Behind the hero on the screen

With Oscar night approaching, it’s worth reflecting how the cultural values of Hollywood are so violently opposed to the values of its most successful movies.

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  1. #1 by jgo on February 27, 2009 - 2:26 pm

    I might be able to offer some insight. I “touched” over 40 major movies, mostly in the 1990s.

    The thing is that a movie is a humongous collaboration. Watch the list of credits as they scholl by and you’re still not getting the whole of it. In many of the movies I “touched” my contribution that made it to screen was limited to a single sentence. My material was not used in the same context or spirit as that in which it was created, or in which I imagined it being used, with possibly 1 or 2 exceptions.

    The sub-text in “Jerry Maguire” involved some difficult issues in labor economics. How productive does a person need to be to make it worthwhile for someone to employ him? What is that quantum of value? How does it change over time and why? What factors make it higher or lower?… became “materialize the coin”, that last word pronounced in the French way because I was living in a community with a French name at the time. And “Why haven’t I been paid for these previous projects that made several billion at the box office?” I boiled down to “Show me the money.”

    When the filming of “The Mask of Zorro” was delayed because the Mexican government had seized their stage-swords, it inspired a cross-reference, with the mental image of the black-caped hero stuck trying to ride a donkey rather than his stallion Toronado, “If I’ve got to ride your a** like Zorro, you’re going to show me the money.”, which took me about 20 minutes to edit down to that (and that’s exactly how I submitted it, with the asterisks).

    Chris O’Donnell asked, “[But then, if he’s not a maniac,] why does Bruce Wayne need to be Batman?” and I responded “He doesn’t NEEEED to be Batman! He CHOOSES to be Batman. He could have reacted in any number of ways to the murder of his parents. He could have… but he chose to study criminology and chemistry and martial arts and engineering…” which became “you see, I’m both Bruce Wayne and Batman, not because I have to be, now, because I choose to be.”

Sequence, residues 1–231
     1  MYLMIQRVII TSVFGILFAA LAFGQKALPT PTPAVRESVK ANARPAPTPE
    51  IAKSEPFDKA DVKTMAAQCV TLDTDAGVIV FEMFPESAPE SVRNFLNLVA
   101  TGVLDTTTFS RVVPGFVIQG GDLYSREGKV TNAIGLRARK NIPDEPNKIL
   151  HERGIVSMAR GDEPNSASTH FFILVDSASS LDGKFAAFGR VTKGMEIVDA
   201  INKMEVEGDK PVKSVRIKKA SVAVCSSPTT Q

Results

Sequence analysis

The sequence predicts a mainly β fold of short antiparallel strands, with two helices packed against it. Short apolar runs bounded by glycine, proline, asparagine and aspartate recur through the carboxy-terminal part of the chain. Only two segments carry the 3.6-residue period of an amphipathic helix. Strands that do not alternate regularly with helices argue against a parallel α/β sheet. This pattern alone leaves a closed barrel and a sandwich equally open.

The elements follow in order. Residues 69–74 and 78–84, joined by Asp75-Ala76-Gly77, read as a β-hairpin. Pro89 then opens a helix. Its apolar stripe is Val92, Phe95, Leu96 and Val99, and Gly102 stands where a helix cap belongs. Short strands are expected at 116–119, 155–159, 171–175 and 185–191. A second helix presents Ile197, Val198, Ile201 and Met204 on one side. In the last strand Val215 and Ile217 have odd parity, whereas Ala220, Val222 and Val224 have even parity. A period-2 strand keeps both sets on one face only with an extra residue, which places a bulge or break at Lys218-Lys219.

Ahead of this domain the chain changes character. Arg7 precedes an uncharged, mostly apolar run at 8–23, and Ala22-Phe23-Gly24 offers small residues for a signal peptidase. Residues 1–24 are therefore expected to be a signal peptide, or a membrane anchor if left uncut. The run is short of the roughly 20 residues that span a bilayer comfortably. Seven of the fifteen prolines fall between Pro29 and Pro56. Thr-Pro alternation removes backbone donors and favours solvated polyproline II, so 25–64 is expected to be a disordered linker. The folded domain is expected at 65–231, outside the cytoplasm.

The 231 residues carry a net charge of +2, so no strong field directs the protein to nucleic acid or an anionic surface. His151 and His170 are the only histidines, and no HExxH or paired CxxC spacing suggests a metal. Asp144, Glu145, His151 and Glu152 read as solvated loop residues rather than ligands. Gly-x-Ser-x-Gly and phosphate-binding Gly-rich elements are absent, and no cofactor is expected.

Several bits in “Conspiracy Theory” and “Men in Black” came from joking around, playing word-games, or recalling incidents that had happened to friends or to me, like having worked 37 hour days as a software analyst. “I don’t know. That’s why they call them “they”, and, uh, “them”.” and “We’re “them”. We’re “they”. WE are the men in black, the 1st, last & only line of defense against the worst scum of the universe.”, contained both playful cross-reference, and a plea for people to take up responsibility for improving their apartment complex or neighborhood, city or state. Each of us is Batman, Zorro, Blade, the hero who acts to try to improve the situation. Don’t sit back and expect the government or whatever to do everything for you. Be a good person, yourself.

    We were discussing philosophy when someone asked whether the assertion that everyone is capable of rationality meant I expected everyone to be great, to be perfect. “You don’t have to be a great man. Just be a man, a fully-functioning human being, conscientiously exercising your abilities…” but it got chopped short in “Star Trek: 1st Contact”.

    A similarly arcane philosophical discussion generated the “5th Element”‘s oft-repeated “Time is not important. Only life is important.”, taken out of context, of course.

    Dialog in movies has to be edited down to its bare bones. I’m also nearly certain that the directors just liked the sound of the lines, and did not really understand or appreciate the full context or spirit in which they were written.

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